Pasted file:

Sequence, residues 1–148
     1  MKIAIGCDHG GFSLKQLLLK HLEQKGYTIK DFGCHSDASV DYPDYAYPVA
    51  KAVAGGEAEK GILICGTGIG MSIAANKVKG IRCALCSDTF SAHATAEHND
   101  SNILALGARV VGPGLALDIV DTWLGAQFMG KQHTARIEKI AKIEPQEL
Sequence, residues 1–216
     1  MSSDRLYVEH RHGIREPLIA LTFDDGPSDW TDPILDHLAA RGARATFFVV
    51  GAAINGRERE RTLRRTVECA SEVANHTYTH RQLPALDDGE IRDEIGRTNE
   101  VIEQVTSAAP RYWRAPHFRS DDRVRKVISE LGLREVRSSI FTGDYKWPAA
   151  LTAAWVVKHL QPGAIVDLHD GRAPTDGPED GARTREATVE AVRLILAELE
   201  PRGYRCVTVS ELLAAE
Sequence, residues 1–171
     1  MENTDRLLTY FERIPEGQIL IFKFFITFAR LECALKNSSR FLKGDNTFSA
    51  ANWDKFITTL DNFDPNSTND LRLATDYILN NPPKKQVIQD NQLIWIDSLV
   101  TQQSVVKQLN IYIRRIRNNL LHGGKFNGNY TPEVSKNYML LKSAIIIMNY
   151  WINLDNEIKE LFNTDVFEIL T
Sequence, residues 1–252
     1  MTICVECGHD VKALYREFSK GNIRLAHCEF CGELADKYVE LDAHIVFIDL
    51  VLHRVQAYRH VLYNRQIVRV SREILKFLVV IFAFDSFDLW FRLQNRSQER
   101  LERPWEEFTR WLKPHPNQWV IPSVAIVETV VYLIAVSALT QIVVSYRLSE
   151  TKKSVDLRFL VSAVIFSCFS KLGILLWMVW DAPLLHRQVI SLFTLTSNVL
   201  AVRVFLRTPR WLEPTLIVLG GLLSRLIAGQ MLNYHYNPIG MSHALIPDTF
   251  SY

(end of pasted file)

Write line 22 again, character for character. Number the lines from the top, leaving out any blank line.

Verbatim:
   251  SY